Like Mel Blanc before him, Rich Little has been called the Man of a Thousand Voices. And although the comic impressionist was born in Canada, he largely made a name for himself imitating the voices of presidents of the United States, from John F. Kennedy onward.
Little began his career in nightclubs and on the radio, but it wasn’t until 1964 that he broke out, after Mel Torme booked him to do his impressions on “The Judy Garland Show” on CBS. A variety of appearances followed on shows such as “The Ed Sullivan Show,” “The Dean Martin Show,” “Rowan and Martin’s Laugh-In” and “The Julie Andrews Show.” Later, he would appear on and guest host “The Tonight Show,” as well as being featured on the game show “The Hollywood Squares” and having his own short-lived TV program.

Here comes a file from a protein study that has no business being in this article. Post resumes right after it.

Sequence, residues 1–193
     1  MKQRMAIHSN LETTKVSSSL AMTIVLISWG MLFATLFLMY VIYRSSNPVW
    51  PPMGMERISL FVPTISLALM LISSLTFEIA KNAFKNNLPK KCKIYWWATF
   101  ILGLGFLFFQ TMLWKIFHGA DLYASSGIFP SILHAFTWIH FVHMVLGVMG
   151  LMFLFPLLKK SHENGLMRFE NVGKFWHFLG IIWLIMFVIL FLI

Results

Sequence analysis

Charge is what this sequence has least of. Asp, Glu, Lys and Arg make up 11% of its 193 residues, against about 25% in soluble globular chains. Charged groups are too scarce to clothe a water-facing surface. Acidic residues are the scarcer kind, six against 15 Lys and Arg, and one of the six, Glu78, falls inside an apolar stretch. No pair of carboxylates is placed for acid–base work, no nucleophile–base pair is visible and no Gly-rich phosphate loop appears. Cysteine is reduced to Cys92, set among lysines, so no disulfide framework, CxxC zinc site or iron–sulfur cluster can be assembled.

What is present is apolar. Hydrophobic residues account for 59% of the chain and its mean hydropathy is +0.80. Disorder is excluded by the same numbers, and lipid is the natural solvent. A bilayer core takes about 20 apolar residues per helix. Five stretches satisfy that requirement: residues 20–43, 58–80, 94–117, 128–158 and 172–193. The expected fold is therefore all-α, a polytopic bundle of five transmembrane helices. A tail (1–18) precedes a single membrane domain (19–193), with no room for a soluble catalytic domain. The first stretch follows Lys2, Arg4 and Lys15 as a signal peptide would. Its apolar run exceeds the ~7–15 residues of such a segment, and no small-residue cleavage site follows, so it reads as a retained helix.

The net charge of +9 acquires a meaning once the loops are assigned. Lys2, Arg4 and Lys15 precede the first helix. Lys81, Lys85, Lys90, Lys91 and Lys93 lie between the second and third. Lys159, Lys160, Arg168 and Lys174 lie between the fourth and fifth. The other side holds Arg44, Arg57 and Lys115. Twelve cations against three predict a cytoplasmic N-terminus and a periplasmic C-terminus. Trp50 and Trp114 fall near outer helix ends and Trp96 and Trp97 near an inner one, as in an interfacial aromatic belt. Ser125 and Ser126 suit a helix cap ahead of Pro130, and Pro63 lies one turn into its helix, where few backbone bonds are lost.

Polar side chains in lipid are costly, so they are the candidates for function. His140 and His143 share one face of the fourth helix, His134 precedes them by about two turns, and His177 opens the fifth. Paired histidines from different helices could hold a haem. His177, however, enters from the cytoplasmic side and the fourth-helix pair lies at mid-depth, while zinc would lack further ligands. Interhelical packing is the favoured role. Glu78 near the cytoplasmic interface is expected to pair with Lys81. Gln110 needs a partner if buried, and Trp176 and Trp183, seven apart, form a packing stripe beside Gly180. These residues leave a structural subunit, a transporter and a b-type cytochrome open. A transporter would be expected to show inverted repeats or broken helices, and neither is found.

Little’s presidential impressions gained him access to White House functions such as performing at dinners and at Ronald Reagan’s inauguration. And his ability to mimic celebrities garnered him work portraying Johnny Carson in the HBO movie “The Late Shift” and even filling in on projects for the voices of David Niven, Stacey Keach and Gene Kelley when the stars themselves were ill.